Clack’s question had to do with how she would improve the communication between SGA members.

“Some specific ways that I’d like to improve communication between SGA members is by cultivating relationships to where it goes further than just minutes or meeting once a week and we really get to know each other,” Clack said.

Davenport was asked about the experience she brings to the table that would make her a good director of administration.

“What I bring to this position is my knowledge and love for this university,” Davenport said. “I wasn’t sure about attending Troy University, but as soon as I got on campus and learned about the different opportunities on campus and the many organizations present here, I jumped right in.”

Director of Representation

Zachary Anglin, a junior risk management major from Charlottesville, Virginia; Rachel Carter, a sophomore computer science major from Athens; Kingston Hall, a sophomore risk management major from Birmingham; and Taylor Holt, a freshman nursing major from Huntsville, are all candidates for director of representation.

Their first question had to do with whether the SGA should be concerned about how its various members represent themselves on social media.

Holt said that as direct representatives of the university that are looked up to by the student body, it is important for the members of the SGA to represent themselves in a positive way.

Hall said it is important that members of the SGA do not create a negative image for the SGA or other organizations.

Carter said that, because social media is such a large part of society today, it is important that the SGA is represented well and creates a positive image through social media.

Anglin said that social media can be used as a positive tool, but oftentimes it is misused. Members of SGA should use that tool in the best way possible as they are the face and voice of the university, Anglin said.

For their second question, the candidates had to choose an envelope with an individual question.

Anglin was asked about his plan to represent all students and how he would make his role as director of administration count.

“We need to try to mend the divide between the student government and the students,” Anglin said. “One way to do that is to give voice to every student, whether they are Greek, non-Greek, athletes, non-athletes, or international students.”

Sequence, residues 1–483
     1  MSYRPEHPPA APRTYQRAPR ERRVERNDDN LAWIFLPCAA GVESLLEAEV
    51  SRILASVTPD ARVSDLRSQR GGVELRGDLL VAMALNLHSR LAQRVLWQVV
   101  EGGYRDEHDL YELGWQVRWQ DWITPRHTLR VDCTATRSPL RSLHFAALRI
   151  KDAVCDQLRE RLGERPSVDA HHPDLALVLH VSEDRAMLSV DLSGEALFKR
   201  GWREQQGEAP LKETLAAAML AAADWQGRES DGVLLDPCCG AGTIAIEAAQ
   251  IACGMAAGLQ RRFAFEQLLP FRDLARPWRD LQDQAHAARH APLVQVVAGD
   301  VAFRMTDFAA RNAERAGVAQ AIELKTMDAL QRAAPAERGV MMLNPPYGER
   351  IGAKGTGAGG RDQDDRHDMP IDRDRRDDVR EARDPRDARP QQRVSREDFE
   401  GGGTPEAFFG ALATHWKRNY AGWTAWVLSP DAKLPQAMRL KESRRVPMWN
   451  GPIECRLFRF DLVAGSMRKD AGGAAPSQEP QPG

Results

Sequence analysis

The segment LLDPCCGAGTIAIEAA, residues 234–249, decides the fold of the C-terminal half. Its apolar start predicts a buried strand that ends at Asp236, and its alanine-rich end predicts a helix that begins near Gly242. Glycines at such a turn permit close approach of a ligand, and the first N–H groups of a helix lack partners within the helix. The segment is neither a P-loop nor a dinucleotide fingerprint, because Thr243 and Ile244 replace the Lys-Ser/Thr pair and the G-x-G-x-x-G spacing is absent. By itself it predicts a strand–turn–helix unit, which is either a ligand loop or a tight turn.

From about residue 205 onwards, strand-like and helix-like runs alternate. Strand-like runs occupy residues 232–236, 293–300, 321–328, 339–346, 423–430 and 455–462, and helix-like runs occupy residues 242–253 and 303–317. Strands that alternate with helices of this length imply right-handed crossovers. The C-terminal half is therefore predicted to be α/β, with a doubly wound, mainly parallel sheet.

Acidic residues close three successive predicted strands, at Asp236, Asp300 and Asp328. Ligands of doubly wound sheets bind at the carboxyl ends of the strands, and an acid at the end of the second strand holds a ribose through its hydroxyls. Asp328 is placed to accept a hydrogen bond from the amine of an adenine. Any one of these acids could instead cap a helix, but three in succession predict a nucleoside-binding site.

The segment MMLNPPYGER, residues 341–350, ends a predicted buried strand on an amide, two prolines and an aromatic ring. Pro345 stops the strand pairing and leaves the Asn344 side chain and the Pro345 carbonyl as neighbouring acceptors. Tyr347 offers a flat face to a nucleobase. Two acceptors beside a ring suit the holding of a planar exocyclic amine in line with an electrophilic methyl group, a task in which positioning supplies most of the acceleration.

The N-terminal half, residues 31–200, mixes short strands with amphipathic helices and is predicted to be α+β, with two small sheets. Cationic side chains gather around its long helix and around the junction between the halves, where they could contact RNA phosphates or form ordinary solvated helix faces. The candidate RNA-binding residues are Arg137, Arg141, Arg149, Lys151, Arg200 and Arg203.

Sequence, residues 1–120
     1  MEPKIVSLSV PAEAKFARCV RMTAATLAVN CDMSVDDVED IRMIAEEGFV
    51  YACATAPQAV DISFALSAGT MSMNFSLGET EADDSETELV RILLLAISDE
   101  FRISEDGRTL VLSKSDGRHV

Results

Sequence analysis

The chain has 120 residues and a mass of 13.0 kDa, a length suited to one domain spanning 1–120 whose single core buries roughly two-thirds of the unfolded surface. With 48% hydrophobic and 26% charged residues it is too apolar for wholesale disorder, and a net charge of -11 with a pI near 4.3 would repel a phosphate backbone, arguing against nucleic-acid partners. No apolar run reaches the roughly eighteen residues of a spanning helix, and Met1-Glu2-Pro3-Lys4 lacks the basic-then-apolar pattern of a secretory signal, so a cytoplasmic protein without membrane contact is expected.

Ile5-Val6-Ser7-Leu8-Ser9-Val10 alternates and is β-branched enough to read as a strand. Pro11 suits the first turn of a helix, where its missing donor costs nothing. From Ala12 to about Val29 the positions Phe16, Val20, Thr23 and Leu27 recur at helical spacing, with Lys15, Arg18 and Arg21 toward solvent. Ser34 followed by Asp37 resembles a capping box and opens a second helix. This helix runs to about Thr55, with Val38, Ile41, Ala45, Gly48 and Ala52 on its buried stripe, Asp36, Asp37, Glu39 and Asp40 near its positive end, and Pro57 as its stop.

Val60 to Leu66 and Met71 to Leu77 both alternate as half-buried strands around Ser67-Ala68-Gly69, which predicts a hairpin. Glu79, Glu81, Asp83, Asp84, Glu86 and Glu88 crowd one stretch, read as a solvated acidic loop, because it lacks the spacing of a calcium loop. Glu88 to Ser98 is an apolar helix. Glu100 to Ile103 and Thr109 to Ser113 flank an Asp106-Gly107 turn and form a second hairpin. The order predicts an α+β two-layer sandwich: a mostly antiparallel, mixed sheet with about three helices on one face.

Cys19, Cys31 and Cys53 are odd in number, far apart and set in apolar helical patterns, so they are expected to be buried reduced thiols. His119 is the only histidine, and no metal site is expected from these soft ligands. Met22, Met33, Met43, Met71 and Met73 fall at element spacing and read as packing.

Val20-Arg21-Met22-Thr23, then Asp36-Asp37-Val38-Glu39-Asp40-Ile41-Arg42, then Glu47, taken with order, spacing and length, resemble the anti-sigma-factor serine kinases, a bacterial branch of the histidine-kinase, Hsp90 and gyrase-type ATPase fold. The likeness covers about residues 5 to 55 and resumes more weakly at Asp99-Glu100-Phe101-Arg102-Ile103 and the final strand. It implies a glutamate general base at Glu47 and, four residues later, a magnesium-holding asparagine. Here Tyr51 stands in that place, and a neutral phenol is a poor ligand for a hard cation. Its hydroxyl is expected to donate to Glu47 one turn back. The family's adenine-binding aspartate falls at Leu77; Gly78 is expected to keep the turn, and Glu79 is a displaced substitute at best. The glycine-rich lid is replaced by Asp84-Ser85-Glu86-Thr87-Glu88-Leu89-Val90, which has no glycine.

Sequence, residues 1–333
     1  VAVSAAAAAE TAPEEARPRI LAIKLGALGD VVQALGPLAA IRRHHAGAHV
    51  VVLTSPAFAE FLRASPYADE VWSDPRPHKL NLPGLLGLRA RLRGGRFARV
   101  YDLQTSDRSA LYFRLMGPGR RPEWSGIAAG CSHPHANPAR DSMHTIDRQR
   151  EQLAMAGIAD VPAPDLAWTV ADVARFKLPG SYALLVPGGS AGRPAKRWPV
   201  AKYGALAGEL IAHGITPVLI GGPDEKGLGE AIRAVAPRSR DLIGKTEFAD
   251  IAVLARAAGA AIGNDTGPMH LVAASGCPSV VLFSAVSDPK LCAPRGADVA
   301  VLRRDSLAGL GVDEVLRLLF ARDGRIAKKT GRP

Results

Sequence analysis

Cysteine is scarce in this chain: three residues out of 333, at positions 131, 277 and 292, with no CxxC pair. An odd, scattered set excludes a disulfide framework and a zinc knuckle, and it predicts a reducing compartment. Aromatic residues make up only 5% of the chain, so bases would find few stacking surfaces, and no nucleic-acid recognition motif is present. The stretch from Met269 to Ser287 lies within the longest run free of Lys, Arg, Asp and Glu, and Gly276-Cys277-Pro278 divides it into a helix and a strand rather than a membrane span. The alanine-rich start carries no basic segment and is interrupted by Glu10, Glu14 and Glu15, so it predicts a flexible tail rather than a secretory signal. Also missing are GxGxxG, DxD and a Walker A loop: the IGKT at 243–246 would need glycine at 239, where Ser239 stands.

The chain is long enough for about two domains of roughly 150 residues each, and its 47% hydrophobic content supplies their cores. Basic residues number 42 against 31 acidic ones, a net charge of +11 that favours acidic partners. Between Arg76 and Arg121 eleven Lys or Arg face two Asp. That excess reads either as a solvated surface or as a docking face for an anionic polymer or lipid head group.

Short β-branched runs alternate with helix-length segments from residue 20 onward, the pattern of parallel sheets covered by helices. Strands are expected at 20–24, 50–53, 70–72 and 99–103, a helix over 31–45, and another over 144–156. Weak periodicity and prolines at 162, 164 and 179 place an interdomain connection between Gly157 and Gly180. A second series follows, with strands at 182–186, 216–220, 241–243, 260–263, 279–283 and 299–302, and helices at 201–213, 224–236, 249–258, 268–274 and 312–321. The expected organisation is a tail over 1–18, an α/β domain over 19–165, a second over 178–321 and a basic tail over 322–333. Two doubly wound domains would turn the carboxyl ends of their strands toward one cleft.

Carter was asked about how she would improve the election process for candidates.

“One way I would improve is by creating a longer campaign period,” Carter said. “I feel like some candidates don’t have the same opportunity as others and they need more time to make sure their opinions are spread throughout campus and make sure that they are meeting the students they need to meet.”

Hall’s question was about how she would improve the selection of members to committees where the officer usually chooses the members.

“I think members need to go through an interview process to see what they can offer to those committees,” Hall said. “Those committees are based off of us, the SGA, and I want to make sure that they can be able to fulfill the job and the needs of other students.”

Holt was asked about the ways she would improve the election process for the voters.

“My goal as director of representation is to make sure that everything is correct on the online ballots before they are sent out to the students,” Holt said. “I also want to implement a database into the election in order to show the variety of voters that participate in each election.”

Vice President of Campus Activities

Douglas Dick, a junior risk management insurance major from Panama City, Florida, and Emma Turner, a sophomore exercise science major from Huntsville, are the two candidates running for vice president of campus activites.

For their first question, they were asked about a large event they had planned that would show their abilities to plan events like homecoming.

Turner said that she serves as the community service chair for her sorority. Through her position, she has planned events like Backpack for Kids, the Headstart Program, and many other events that benefited the Troy community.

Dick said that he served as a member of the Homecoming committee, as well as helping to plan events such as Minute to Win It, the blood drive, and service day.

For their second question, each candidate chose an envelope at random and answered an individual question.

Douglas was asked how he plans to represent every organization on campus so the large organizations aren’t the only ones able to get their feet in.

“I plan to hold a reception where students representing various organizations on campus can come and have a booth and show a little bit about what their organization does and what they stand for,” Dick said. “I think it’s very important for students from every walk of life and every different classification and affinity group on campus to have an opportunity to serve.”

Turner’s question was about one improvement she would make to homecoming.

“So one improvement I really want to stress during my term in regards to homecoming is that I really want to make sure there are more group activities, as well as individual activities,” Turner said. “Another idea I have is to include residence halls as part of the competition.”

Vice President of Legislative Affairs 

Laken Berry, a junior social work major from Athens, was the only candidate running for vice president of legislative affairs.

For her first question, Berry was asked about her plans to improve senator office hours and participation.

Berry said that she will have multiple things for senators to do in the office, but she will also have a list of things senators can go out and talk to students about in order to increase communication between the SGA and the student body.

For her second question, Berry was asked about how she would have senators represent the SGA.

“I would have the senators represent SGA well by having them go to different events and having them be a voice for the Student Government Association,” Berry said. “Forty-six senators represent 7,000 students and I want to make sure that every single voice is heard on campus.”

Voting for SGA offices will be on Wednesday, Feb. 22, from 8 a.m. to 5 p.m. Voting is available through your Troy email.